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Langston v. T-Mobile US, Inc.

United States District Court, C.D. California

May 24, 2018

Mark Langston
v.
T-Mobile US, Inc.

          PRESENT: THE HONORABLE JOHN A. KRONSTADT, UNITED STATES DISTRICT JUDGE

          CIVIL MINUTES - GENERAL

         Proceedings: (IN CHAMBERS) ORDER RE PLAINTIFF'S MOTION TO REMAND ACTION TO STATE COURT (DKT. 18)

         I. Introduction

         Mark Langston (“Plaintiff”) brought this action in the Los Angeles County Superior Court on January 30, 2018. Ex. A to Notice of Removal, Complaint (“Compl.”), Dkt. 1-2 at 8-21. The Complaint advances five claims under the California Fair Employment and Housing Act (“FEHA”), Cal. Gov't Code §§ 12940 et seq. against T-Mobile US, Inc. (“Defendant” or “T-Mobile”). Id.[1] These claims arise from Plaintiff's former employment at T-Mobile, and the subsequent termination from that employment. See generally id.

         On March 9, 2018, T-Mobile removed this action pursuant to 28 U.S.C. §§ 1441 and 1446. Notice of Removal, Dkt. 1. The removal was based on the claimed diversity of citizenship between the parties, and an amount in controversy of more than $75, 000. See Id. ¶ 3 (citing 28 U.S.C. § 1332). Plaintiff filed a motion to remand the Action. Dkt. 18 (“Motion”). Defendant filed an opposition to the Motion. Dkt. 22 (“Opposition”). Plaintiff replied. Dkt. 24 (“Reply”).

         Because the matter was one deemed appropriate for resolution without a hearing pursuant to L.R. 7-15, it was taken under submission. Dkt. 26. For the reasons stated in this Order, the Motion is DENIED.

         II. Allegations in the Complaint

         The Complaint alleges that, on June 10, 2002, Plaintiff was hired by T-Mobile as an Account Executive. See Compl., Dkt. 1-2 ¶ 4. In 2009, Plaintiff alleges that he had a significant anxiety attack. Id. ¶ 9. It is alleged that, as a result, he suffered from physical and mental disabilities, including Post Traumatic Stress Disorder (“PTSD”). Id. ¶¶ 10-12. Plaintiff's FEHA claims are based on T-Mobile's alleged discrimination on the basis of these disabilities, as well as its alleged failure to provide reasonable accommodations. Id. ¶¶ 10-23. Plaintiff alleges that T-Mobile terminated his employment on February 9, 2016. Id. ¶ 24.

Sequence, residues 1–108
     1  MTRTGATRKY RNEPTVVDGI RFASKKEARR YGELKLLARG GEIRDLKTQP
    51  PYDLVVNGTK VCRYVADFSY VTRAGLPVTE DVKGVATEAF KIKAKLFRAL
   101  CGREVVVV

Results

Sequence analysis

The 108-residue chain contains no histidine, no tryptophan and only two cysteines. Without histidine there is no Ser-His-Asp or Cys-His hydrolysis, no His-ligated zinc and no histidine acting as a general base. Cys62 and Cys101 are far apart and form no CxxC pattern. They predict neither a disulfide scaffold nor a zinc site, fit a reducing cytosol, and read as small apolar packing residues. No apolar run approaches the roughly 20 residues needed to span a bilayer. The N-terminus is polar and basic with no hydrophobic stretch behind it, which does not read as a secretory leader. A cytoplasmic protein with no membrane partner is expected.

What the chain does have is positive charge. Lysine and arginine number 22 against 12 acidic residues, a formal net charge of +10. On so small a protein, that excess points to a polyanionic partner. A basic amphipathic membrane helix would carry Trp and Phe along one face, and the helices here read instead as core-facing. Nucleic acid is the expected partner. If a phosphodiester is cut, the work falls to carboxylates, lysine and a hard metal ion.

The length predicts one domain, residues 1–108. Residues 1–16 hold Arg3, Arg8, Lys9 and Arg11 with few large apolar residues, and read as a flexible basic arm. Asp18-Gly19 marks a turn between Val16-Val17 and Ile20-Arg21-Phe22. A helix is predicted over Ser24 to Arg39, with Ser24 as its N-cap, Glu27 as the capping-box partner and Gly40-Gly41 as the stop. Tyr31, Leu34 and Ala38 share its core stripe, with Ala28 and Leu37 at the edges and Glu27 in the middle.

The Complaint does not quantify the amount of claimed damages. However, Plaintiff does not contest that the amount in controversy exceeds $75, 000. See Dkt. 18 at 6-7.

         III. Analysis

         A. Legal Standards

         In general, a civil action may be removed only if, at the time of removal, it is one over which there is federal jurisdiction. 28 U.S.C. 28 U.S.C. § 1441(a). Diversity jurisdiction is presented when the amount in controversy exceeds $75, 000 and the adverse parties are citizens of different states. 28 U.S.C. §§ 1332, 1441. Complete diversity of citizenship is required, i.e., “the citizenship of each plaintiff [must be] different from that of each defendant.” Hunter v. Philip Morris USA, 582 F.3d 1039, 1043 (9th Cir. 2009).

         Because federal courts are ones of limited jurisdiction, the removal statute is to be strictly construed; any doubt about removal is to be resolved in favor of remand. Gaus v. Miles, Inc., 980 F.2d 564, 566 (9th Cir. 1992). Thus, the removing party has the burden of establishing that removal is proper, including that there is federal jurisdiction over one or more of the claims. Id.; see also Kokkonen v. Guardian Life Ins. Co. of Am., 511 U.S. 375, 377 (1994). “If a case is improperly removed, the federal court must remand the action because it has no subject matter jurisdiction to decide the case.” ARCO Envtl. Remediation, L.L.C. v. Dep't of Health & Envtl. Quality of Mont., 213 F.3d 1108, 1113 (9th Cir. 2000) (internal citations omitted).

         B. ...


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